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Writing language files using BNF is significantly easier than writing then using regular expressions in a functional manner. Debugging them, however, can still prove challenging.
There are two ways to debug a language definition if it is not behaving as expected. One way is to debug against the source `.bnf' file. The second is to debug against the lisp table created from the `.bnf' source, or perhaps written by hand.
If your language definition was written in BNF notation, debugging is
quite easy. The command
bovinate-debug will start you off.
If you prefer debugging against the Lisp table, find the table in a
buffer, place the cursor in it, and use the command
semantic-bovinate-debug-set-table in it.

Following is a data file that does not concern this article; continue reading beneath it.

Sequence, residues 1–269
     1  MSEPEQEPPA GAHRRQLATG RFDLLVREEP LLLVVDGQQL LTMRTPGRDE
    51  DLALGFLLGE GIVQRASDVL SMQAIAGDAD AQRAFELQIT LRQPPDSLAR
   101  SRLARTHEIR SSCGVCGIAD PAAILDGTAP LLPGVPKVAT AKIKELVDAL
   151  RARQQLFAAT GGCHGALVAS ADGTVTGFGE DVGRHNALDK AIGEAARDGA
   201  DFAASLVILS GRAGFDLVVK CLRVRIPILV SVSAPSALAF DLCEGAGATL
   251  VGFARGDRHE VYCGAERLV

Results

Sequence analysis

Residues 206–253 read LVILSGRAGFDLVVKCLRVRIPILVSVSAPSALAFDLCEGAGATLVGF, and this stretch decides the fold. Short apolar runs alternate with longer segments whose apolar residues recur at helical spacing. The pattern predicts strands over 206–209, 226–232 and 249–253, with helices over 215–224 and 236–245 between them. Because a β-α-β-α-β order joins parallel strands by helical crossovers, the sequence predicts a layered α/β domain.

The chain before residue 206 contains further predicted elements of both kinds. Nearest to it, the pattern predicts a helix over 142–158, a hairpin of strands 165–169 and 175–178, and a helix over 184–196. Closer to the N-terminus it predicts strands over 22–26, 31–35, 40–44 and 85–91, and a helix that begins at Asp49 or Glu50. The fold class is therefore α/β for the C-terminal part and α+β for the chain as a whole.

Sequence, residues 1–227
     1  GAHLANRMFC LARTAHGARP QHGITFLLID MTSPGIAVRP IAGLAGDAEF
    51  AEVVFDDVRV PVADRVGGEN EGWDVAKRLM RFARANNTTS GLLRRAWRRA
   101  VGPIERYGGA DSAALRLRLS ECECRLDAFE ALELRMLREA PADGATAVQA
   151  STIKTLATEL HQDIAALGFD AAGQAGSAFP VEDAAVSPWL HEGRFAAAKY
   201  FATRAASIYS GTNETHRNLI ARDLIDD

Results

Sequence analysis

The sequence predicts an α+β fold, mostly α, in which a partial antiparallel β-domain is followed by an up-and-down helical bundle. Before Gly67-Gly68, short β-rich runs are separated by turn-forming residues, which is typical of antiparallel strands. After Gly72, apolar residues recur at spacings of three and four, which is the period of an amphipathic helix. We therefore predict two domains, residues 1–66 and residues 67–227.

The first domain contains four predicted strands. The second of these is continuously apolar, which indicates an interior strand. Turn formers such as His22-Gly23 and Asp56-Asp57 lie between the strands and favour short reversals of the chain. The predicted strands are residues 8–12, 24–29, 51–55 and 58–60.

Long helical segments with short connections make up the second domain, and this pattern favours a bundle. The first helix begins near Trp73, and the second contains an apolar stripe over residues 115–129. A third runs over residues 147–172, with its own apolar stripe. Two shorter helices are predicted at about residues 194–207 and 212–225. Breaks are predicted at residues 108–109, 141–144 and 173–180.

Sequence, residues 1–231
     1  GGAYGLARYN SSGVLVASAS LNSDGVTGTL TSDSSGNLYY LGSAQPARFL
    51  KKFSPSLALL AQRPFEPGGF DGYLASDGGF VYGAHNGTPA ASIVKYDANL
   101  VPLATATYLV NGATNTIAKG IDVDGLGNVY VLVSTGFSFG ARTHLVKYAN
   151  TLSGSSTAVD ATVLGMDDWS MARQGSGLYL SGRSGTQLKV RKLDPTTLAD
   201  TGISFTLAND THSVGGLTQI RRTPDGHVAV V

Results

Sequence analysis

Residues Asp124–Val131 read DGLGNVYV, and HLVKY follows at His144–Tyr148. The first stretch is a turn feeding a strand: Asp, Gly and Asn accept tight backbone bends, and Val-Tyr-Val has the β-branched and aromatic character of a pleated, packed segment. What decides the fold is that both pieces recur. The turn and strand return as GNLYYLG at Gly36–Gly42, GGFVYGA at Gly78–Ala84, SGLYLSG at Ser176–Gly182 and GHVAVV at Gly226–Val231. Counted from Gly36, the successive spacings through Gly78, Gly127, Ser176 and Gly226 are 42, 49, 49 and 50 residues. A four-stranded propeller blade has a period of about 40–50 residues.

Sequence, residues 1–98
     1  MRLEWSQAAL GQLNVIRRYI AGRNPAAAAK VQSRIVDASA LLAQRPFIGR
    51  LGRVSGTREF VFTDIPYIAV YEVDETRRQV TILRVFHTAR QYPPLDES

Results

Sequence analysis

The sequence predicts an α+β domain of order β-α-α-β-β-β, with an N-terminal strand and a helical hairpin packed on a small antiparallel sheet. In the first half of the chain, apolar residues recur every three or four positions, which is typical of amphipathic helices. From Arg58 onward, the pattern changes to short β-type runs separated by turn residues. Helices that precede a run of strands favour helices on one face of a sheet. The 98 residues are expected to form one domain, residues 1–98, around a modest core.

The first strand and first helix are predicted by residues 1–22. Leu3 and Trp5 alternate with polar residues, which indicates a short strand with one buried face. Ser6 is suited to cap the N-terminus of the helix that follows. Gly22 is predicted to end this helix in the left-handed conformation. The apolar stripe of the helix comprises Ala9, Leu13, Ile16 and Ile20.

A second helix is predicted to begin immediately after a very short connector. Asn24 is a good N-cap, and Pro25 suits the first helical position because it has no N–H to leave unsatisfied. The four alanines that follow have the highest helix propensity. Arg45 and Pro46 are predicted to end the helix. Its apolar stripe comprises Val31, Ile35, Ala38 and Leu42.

After the table is set, the
bovinate-debug command can be run
at any time for the given language.
While debugging, two windows are visible. One window shows the file being parsed, and the syntactic token being tested is highlighted. The second window shows the table being used (either in the BNF source, or the Lisp table) with the current rule highlighted. The cursor will sit on the specific match rule being tested against.
In the minibuffer, a brief summary of the current situation is listed. The first element is the syntactic token which is a list of the form:
(TYPE START . END)
The rest of the display is a list of all strings collected for the currently tested rule. Each time a new rule is entered, the list is restarted. Upon returning from a rule into a previous match list, the previous match list is restored, with the production of the dependent rule in the list.
Use C-g to stop debugging. There are no commands for any fancier types of debugging.
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